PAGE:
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San Diego-Based USS Kidd Continues its Search for Missing Malaysia Airlines Plane

Another San Diego-based guided-missile destroyer, USS Pinckney, was called off the search and headed to Singapore for scheduled repairs, Navy officials said.

Photo Courtesy: U.S. Navy
Photo Courtesy: U.S. Navy

The San Diego-based guided-missile destroyer USS Kidd continued its search today for Malaysia Airlines Flight MH370, which disappeared with 239 people on board during a flight from Kuala Lumpur to Beijing more than a week ago.

USS Kidd and its two MH-60R helicopters joined the search Friday, and crews were set to expand its search area from the northwest entrance of the Strait of Malacca into the Indian Ocean and Andaman Sea today, Navy officials said.

The Arleigh-Burke class warship was covering more than 300 square miles of water space every four hours and was checking for anything that could be evidence associated with aircraft debris, officials said.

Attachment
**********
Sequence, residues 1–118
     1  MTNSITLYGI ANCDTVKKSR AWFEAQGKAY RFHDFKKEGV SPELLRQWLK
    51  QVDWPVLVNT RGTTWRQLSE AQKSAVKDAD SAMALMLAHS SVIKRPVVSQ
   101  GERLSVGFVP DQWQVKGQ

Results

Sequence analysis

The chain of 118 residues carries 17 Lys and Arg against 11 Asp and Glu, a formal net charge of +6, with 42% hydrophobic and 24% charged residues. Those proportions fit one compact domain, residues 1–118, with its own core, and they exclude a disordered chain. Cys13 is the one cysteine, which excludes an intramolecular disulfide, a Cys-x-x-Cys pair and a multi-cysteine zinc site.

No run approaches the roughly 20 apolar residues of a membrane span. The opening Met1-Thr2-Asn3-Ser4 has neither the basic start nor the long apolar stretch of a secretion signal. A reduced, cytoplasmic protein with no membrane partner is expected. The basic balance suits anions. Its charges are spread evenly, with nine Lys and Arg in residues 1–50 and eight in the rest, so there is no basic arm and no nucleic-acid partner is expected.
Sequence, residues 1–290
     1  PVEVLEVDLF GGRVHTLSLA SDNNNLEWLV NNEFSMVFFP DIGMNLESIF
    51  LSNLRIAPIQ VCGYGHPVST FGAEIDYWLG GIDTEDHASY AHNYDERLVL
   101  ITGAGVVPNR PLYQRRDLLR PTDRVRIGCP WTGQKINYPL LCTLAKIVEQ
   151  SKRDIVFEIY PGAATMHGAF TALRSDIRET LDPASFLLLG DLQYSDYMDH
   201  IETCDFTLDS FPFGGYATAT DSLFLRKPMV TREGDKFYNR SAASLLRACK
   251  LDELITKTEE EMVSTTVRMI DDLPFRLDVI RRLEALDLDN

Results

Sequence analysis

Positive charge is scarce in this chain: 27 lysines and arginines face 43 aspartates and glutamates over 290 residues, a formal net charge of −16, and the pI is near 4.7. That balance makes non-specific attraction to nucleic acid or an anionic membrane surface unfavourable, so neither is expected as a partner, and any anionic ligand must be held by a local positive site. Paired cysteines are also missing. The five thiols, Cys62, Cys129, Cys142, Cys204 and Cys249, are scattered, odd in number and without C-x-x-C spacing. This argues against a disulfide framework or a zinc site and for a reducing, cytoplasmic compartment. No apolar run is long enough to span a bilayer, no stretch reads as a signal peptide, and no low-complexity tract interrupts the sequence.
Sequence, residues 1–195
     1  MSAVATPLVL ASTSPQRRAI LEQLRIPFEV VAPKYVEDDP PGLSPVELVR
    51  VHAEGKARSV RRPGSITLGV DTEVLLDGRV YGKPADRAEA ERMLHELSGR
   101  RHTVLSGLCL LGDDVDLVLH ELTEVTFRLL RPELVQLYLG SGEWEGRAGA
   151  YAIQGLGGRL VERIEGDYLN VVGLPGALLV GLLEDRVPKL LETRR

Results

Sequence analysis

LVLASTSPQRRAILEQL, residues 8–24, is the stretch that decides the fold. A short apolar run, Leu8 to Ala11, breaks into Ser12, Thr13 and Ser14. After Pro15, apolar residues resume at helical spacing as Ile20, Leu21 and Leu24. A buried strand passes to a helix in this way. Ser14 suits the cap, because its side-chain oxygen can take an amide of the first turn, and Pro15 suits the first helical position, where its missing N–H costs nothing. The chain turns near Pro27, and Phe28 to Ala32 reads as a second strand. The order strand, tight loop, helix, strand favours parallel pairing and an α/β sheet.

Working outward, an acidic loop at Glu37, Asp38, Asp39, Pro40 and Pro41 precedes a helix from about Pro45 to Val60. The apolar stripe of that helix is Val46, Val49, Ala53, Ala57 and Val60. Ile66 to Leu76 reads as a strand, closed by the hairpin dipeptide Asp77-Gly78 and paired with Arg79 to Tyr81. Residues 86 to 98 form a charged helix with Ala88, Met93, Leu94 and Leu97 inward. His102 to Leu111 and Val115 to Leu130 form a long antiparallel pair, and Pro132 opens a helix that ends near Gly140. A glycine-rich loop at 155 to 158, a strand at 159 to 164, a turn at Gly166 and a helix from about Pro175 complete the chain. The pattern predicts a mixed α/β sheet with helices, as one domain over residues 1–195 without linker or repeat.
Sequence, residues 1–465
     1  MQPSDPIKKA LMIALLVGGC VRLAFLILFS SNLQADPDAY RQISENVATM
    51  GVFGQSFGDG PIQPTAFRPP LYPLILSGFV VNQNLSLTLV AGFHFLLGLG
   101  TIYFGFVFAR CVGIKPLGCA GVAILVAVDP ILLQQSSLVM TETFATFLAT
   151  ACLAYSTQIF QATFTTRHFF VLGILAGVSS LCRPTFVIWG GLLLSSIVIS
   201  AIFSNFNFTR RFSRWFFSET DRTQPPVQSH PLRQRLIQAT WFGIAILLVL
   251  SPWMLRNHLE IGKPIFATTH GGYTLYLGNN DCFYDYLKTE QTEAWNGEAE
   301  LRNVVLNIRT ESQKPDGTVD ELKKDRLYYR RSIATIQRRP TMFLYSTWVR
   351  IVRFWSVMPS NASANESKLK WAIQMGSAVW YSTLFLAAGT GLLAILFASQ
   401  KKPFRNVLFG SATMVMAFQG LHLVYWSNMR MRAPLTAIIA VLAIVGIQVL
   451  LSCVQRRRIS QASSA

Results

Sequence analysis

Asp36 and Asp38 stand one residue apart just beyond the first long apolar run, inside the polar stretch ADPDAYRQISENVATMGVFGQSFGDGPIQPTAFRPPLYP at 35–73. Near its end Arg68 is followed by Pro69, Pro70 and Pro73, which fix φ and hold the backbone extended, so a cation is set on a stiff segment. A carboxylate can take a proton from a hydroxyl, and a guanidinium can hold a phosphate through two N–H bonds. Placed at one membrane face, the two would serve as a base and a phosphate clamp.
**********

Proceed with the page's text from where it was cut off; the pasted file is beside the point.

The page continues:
"Our helicopters here are an extension of the ship's capabilities and provide us with the best chance of finding airplane debris," the ship's Combat Information Center Officer, Lt. j.g. Eric Bachtel, said. "With extra watch standers in place, we are able to comb through any debris spotted from the ship or the aircraft and if needed retrieve the objects via grappling hook, small boats or with our Search and Rescue swimmers deployed from the ship or helicopters."

The Kidd was searching 1,500 square miles of ocean each day, and was investigating any debris that could be linked to the Boeing 777's crash. Navy officials said the about 300 member crew of the USS Kidd remained persistent and hopeful that they will evidence that could shed light on the possible disappearance of Malaysia Airlines Flight MH370.

The incident sparked multiple investigations involving several nations, including the United States and China. Conflicting information also contributed to the confusion over the disappearance.

According to news reports, Malaysian authorities said the jumbo jet may have been deliberately diverted and could have flown for about seven hours after losing contact.

Searches had also took place in the Indian Ocean, the Bay of Thailand, east of Malaysia and south of Vietnam.

Another San Diego-based guided-missile destroyer, USS Pinckney, was called off the search and headed to Singapore for scheduled repairs, Navy officials said.

Both destroyers deployed from San Diego on Jan. 7.

—City News Service

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